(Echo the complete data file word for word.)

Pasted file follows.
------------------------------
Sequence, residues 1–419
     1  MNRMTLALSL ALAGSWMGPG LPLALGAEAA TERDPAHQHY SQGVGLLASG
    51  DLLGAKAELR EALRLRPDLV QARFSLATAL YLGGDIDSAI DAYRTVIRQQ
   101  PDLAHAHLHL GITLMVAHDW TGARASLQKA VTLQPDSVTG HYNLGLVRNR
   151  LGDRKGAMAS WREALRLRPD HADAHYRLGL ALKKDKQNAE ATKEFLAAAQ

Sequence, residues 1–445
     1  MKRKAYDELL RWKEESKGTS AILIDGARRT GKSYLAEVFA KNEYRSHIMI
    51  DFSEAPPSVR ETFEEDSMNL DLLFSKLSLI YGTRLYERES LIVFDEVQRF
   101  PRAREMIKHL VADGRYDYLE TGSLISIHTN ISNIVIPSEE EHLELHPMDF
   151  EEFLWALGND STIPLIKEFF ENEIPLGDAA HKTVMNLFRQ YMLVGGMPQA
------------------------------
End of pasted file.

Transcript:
Sequence, residues 1–419
     1  MNRMTLALSL ALAGSWMGPG LPLALGAEAA TERDPAHQHY SQGVGLLASG
    51  DLLGAKAELR EALRLRPDLV QARFSLATAL YLGGDIDSAI DAYRTVIRQQ
   101  PDLAHAHLHL GITLMVAHDW TGARASLQKA VTLQPDSVTG HYNLGLVRNR
   151  LGDRKGAMAS WREALRLRPD HADAHYRLGL ALKKDKQNAE ATKEFLAAAQ

Sequence, residues 1–445
     1  MKRKAYDELL RWKEESKGTS AILIDGARRT GKSYLAEVFA KNEYRSHIMI
    51  DFSEAPPSVR ETFEEDSMNL DLLFSKLSLI YGTRLYERES LIVFDEVQRF
   101  PRAREMIKHL VADGRYDYLE TGSLISIHTN ISNIVIPSEE EHLELHPMDF
   151  EEFLWALGND STIPLIKEFF ENEIPLGDAA HKTVMNLFRQ YMLVGGMPQA